In the twenty or so years between release and me finally playing it, Mario Land 2 had built up a sort of mythical cult following. It was considered some kind of crowning achievement of what the Game Boy hardware could do. Sort of like how Link's Awakening brought a SNES style Zelda to the little GB, Mario Land 2 kind of worked as a low-powered and impressive take on Super Mario World's 16-bit glory.
The weird thing is this. I didn't love Mario Land 2 when I finally played it. I thought it was fine. It looks incredible. The sprites are insanely detailed. The levels are huge and full of secrets and cool stuff. But I don't know. Something doesn't quite click with me. The power-ups feel kind of boring and some of the level design ends up where you can basically just skip the level by flying over it if you have the rabbit ears.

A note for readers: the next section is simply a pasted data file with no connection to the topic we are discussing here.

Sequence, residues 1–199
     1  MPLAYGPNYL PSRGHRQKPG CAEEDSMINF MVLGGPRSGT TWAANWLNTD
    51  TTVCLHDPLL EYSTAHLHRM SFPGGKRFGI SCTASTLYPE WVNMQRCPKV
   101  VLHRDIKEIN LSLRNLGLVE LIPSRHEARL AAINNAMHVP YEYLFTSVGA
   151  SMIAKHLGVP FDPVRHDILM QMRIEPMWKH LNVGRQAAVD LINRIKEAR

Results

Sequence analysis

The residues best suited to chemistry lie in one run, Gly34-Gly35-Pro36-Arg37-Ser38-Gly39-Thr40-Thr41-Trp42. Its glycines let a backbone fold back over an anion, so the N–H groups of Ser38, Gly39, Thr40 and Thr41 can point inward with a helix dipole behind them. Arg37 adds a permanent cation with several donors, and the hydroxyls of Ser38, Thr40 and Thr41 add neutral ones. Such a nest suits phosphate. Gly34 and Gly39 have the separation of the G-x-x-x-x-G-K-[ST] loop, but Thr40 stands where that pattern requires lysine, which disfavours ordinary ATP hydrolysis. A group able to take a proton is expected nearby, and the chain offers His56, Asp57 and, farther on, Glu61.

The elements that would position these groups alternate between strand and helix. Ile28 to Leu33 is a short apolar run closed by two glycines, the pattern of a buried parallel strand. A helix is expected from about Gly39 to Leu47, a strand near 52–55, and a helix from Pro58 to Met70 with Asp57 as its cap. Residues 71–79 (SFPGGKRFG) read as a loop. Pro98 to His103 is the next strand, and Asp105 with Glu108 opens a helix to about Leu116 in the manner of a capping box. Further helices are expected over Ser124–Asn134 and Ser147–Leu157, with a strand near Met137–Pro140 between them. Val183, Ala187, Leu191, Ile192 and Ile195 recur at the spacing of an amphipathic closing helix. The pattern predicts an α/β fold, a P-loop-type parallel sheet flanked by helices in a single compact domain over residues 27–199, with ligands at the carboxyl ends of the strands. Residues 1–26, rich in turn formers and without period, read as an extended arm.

Anyway, playing it again - I feel kind of the same. I like the game fine. But I don't love it. It's not boring me or anything, but it's not blowing me away either. If anything, I find myself marveling at what a well crafted game it is - while not really have all that much fun. It's weird.
What's weirder is the spike in difficulty that happens when you get to Wario's castle. The whole game felt like a cakewalk to me. And when I got to his castle I had stockpiled thirty lives without trying. But his castle felt so hard to me that I ended up rage quitting after losing like twenty lives in a row.
I'm glad people like this game. I'm glad it exists. I'm still impressed by it. But I'm all set with it.